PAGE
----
Internal links are an important part of your website’s overall SEO strategy. While it might seem like a simple concept, internal links help Google understand your website’s content better.
These links connect new and existing pages within your site. They also allow you to explain complex terms and related topics. The purpose of internal linking is to provide users with a better user experience.
Internal links increase the authority of a page by boosting its rank in search engine results pages (SERPs). It also helps readers refresh older content, which is why over-linking is detrimental to your SEO strategy.
Internal links can include links on your website’s menu or homepage, or even within your content. These links are contextual, meaning that they point to other related pages, and they help search engines figure out the value of a certain page. Internal links are therefore an important part of SEO, as they allow Google to crawl and index new pages much faster. However, it’s important to remember that search engines only allow 150 links per page, so don’t go over the limit.
Internal links should use keyword-targeted anchor text that reflects the content of the target page. By including the target keyword in the link text, you improve your chances of ranking high for lower-volume terms.
Search engine crawlers find a site by way of links on other sites. Without links, a site will be invisible to a search engine.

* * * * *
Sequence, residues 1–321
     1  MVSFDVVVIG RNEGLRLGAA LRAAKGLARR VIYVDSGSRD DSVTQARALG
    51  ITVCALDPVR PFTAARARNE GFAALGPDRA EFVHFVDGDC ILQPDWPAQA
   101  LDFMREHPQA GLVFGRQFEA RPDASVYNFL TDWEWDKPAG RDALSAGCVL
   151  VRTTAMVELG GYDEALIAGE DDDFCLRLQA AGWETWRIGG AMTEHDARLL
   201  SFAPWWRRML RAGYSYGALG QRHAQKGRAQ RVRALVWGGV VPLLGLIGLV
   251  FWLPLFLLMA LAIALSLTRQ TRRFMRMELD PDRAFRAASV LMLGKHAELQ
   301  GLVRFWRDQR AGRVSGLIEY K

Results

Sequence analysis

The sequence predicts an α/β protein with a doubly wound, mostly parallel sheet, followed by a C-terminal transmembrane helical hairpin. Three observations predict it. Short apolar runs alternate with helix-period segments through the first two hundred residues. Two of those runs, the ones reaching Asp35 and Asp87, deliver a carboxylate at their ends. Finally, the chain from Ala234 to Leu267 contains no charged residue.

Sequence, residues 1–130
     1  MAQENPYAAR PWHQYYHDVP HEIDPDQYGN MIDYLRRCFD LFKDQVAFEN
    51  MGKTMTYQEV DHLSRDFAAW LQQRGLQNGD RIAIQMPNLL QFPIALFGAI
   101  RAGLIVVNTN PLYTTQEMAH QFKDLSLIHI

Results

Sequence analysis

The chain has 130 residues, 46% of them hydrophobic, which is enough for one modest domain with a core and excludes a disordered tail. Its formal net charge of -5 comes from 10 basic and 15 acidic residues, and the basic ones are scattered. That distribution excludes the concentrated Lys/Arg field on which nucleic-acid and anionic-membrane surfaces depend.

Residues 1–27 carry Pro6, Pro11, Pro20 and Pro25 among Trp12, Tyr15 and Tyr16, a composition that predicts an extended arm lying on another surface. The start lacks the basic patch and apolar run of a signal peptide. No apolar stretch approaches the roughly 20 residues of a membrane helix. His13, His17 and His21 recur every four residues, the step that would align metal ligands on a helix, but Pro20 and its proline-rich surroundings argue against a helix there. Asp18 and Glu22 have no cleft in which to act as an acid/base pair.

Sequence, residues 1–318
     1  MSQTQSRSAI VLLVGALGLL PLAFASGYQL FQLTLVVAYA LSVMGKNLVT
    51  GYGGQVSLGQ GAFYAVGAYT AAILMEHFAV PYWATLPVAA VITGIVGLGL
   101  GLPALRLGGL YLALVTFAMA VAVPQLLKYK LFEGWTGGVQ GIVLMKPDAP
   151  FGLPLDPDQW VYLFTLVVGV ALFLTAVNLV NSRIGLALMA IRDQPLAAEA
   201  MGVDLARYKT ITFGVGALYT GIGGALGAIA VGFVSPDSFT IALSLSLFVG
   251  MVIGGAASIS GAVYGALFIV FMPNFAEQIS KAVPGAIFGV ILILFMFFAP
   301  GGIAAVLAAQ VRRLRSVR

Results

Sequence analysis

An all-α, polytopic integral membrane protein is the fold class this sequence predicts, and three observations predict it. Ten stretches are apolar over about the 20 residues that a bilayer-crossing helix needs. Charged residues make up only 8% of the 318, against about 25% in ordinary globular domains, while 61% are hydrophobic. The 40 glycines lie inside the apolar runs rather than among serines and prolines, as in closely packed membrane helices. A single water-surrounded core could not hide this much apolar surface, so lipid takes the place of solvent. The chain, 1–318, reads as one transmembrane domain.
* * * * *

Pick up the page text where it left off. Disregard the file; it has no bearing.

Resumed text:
Unfortunately, many sites create a navigation structure that makes it difficult for crawlers to find content. This prevents a site from appearing in the search results and wastes crawl budget.
To make sure that your meta description is relevant and readable, you can use the “meta description” tag. This tag is used to tell Google what your page is about and persuade users that your page is relevant to their query. It should be around 120 to 156 characters long. Keep in mind that Google can truncate your meta description to fit the width of the device you are using.
While meta descriptions are not directly linked to search engine rankings, they do have indirect impact on the CTR (click-through rate), which is a key component of search engine optimization.
Fortunately, there are tools available to help you determine whether your site is being crawled by search engines. For example, you can perform a free online search using the Google Webmaster Tools and see which pages are not being indexed. These tools will also let you find any orphan pages and delete them.
In addition, meta descriptions should be as accurate as possible. When you use the right meta description, you can improve your click-through rate and page ranking.